The ongoing labor threats in ports along the US East Coast, reminiscent of the situations in West Coast ports in 2022 and 2023, highlight the vulnerability of the maritime sector to labor-related disruptions, potentially causing further interruptions in transport operations.

The global port congestion and disruptions underscore the critical need for proactive measures and collaborative efforts to address the challenges faced by the maritime industry. Understanding the root causes of congestion and disruptions is essential in developing effective strategies to enhance operational efficiency and ensure the smooth flow of global trade through ports worldwide.

Recently, due to the strong demand in the container market and the continued chaos caused by the Red Sea crisis, global ports have shown signs of further congestion. A weekly report released by shipping consulting company Linerlytica on June 3 showed that the global container capacity queued up to enter the port rose to 2.1 million standard containers, accounting for 7.1% of the world’s total container shipping capacity.

In addition, many major ports in Europe and the United States are facing the threat of strikes, adding fuel to the already chaotic global shipping.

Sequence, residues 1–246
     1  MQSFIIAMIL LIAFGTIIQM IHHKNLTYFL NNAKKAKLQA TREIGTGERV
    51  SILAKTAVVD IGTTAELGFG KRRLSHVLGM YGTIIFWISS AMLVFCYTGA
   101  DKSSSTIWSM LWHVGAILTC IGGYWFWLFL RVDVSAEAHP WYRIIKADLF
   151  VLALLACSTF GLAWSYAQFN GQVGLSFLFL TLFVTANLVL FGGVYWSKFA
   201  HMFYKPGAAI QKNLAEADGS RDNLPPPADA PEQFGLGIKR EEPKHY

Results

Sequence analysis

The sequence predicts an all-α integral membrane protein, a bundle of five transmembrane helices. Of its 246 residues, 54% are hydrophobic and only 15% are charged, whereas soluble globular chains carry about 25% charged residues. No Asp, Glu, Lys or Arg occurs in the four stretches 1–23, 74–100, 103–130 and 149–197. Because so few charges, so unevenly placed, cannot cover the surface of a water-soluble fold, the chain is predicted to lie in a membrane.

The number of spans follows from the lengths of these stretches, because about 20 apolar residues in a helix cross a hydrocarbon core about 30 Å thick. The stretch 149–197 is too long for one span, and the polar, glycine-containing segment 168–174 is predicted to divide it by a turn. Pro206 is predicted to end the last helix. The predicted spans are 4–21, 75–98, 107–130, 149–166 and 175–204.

Foreign traders who ship goods to the following ports must pay attention to local port risks and remind customers to pay attention in a timely manner!

Singapore port congestion

The congestion at the Port of Singapore, the world’s second-largest container port and a major transshipment hub in Asia, is critical to global trade.
The number of containers waiting to be berthed in Singapore surged in May. At the peak period in late May, the highest number of containers waiting to be berthed reached 480,600 20-foot standard containers.

In order to alleviate congestion, the Port of Singapore Authority (PSA) reactivated the old berths and yards of the abandoned Keppel Terminal, and also added a large amount of manpower to deal with the container backlog problem.
However, according to a recent report by Asian container consulting firm Linerlytica, container ships may currently have to wait up to about seven days to obtain a berth in Singapore, while under normal circumstances ships only need to wait up to half a day.